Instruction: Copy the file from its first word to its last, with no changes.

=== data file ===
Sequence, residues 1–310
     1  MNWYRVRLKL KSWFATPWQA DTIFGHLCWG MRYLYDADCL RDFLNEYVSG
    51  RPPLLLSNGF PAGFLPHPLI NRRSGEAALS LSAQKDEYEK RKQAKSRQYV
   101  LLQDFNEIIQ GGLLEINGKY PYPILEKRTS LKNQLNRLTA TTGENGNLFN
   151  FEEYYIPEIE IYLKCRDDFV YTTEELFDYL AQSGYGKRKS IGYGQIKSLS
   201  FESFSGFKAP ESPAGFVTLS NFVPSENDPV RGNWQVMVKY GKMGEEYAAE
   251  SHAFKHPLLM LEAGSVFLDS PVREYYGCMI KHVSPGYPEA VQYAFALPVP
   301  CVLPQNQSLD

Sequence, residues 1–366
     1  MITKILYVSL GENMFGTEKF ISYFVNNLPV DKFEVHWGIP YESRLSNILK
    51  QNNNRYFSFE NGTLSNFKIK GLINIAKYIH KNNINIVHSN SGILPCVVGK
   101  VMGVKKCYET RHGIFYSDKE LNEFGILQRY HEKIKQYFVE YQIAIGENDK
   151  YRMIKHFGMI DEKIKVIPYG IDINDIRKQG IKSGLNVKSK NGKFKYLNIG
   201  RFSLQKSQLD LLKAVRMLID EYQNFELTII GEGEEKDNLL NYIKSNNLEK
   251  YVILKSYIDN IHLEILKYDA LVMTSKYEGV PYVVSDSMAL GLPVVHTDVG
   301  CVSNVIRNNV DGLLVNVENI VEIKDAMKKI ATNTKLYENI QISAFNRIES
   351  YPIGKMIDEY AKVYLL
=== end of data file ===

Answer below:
Sequence, residues 1–310
     1  MNWYRVRLKL KSWFATPWQA DTIFGHLCWG MRYLYDADCL RDFLNEYVSG
    51  RPPLLLSNGF PAGFLPHPLI NRRSGEAALS LSAQKDEYEK RKQAKSRQYV
   101  LLQDFNEIIQ GGLLEINGKY PYPILEKRTS LKNQLNRLTA TTGENGNLFN
   151  FEEYYIPEIE IYLKCRDDFV YTTEELFDYL AQSGYGKRKS IGYGQIKSLS
   201  FESFSGFKAP ESPAGFVTLS NFVPSENDPV RGNWQVMVKY GKMGEEYAAE
   251  SHAFKHPLLM LEAGSVFLDS PVREYYGCMI KHVSPGYPEA VQYAFALPVP
   301  CVLPQNQSLD

Sequence, residues 1–366
     1  MITKILYVSL GENMFGTEKF ISYFVNNLPV DKFEVHWGIP YESRLSNILK
    51  QNNNRYFSFE NGTLSNFKIK GLINIAKYIH KNNINIVHSN SGILPCVVGK
   101  VMGVKKCYET RHGIFYSDKE LNEFGILQRY HEKIKQYFVE YQIAIGENDK
   151  YRMIKHFGMI DEKIKVIPYG IDINDIRKQG IKSGLNVKSK NGKFKYLNIG
   201  RFSLQKSQLD LLKAVRMLID EYQNFELTII GEGEEKDNLL NYIKSNNLEK
   251  YVILKSYIDN IHLEILKYDA LVMTSKYEGV PYVVSDSMAL GLPVVHTDVG
   301  CVSNVIRNNV DGLLVNVENI VEIKDAMKKI ATNTKLYENI QISAFNRIES
   351  YPIGKMIDEY AKVYLL